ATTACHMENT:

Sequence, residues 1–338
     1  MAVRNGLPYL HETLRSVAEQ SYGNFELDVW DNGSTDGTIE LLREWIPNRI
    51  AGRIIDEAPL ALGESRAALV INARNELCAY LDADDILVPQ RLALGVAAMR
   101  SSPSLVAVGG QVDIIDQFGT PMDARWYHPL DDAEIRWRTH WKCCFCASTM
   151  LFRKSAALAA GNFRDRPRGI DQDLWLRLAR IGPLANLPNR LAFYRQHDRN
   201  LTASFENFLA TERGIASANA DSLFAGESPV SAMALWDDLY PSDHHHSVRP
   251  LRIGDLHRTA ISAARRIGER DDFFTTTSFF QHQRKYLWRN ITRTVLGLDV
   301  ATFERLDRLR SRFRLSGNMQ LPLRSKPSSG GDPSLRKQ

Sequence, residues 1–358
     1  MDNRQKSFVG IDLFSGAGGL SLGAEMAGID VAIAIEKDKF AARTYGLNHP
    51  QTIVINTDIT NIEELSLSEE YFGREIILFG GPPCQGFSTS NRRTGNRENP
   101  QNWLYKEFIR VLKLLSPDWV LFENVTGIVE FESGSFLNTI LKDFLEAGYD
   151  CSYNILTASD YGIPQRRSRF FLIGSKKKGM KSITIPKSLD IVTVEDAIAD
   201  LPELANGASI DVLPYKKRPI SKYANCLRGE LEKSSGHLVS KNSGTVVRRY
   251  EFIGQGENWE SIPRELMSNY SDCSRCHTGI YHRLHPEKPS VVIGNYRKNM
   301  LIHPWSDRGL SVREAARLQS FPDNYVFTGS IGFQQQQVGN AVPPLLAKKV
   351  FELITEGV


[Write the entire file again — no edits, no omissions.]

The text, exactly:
Sequence, residues 1–338
     1  MAVRNGLPYL HETLRSVAEQ SYGNFELDVW DNGSTDGTIE LLREWIPNRI
    51  AGRIIDEAPL ALGESRAALV INARNELCAY LDADDILVPQ RLALGVAAMR
   101  SSPSLVAVGG QVDIIDQFGT PMDARWYHPL DDAEIRWRTH WKCCFCASTM
   151  LFRKSAALAA GNFRDRPRGI DQDLWLRLAR IGPLANLPNR LAFYRQHDRN
   201  LTASFENFLA TERGIASANA DSLFAGESPV SAMALWDDLY PSDHHHSVRP
   251  LRIGDLHRTA ISAARRIGER DDFFTTTSFF QHQRKYLWRN ITRTVLGLDV
   301  ATFERLDRLR SRFRLSGNMQ LPLRSKPSSG GDPSLRKQ

Sequence, residues 1–358
     1  MDNRQKSFVG IDLFSGAGGL SLGAEMAGID VAIAIEKDKF AARTYGLNHP
    51  QTIVINTDIT NIEELSLSEE YFGREIILFG GPPCQGFSTS NRRTGNRENP
   101  QNWLYKEFIR VLKLLSPDWV LFENVTGIVE FESGSFLNTI LKDFLEAGYD
   151  CSYNILTASD YGIPQRRSRF FLIGSKKKGM KSITIPKSLD IVTVEDAIAD
   201  LPELANGASI DVLPYKKRPI SKYANCLRGE LEKSSGHLVS KNSGTVVRRY
   251  EFIGQGENWE SIPRELMSNY SDCSRCHTGI YHRLHPEKPS VVIGNYRKNM
   301  LIHPWSDRGL SVREAARLQS FPDNYVFTGS IGFQQQQVGN AVPPLLAKKV
   351  FELITEGV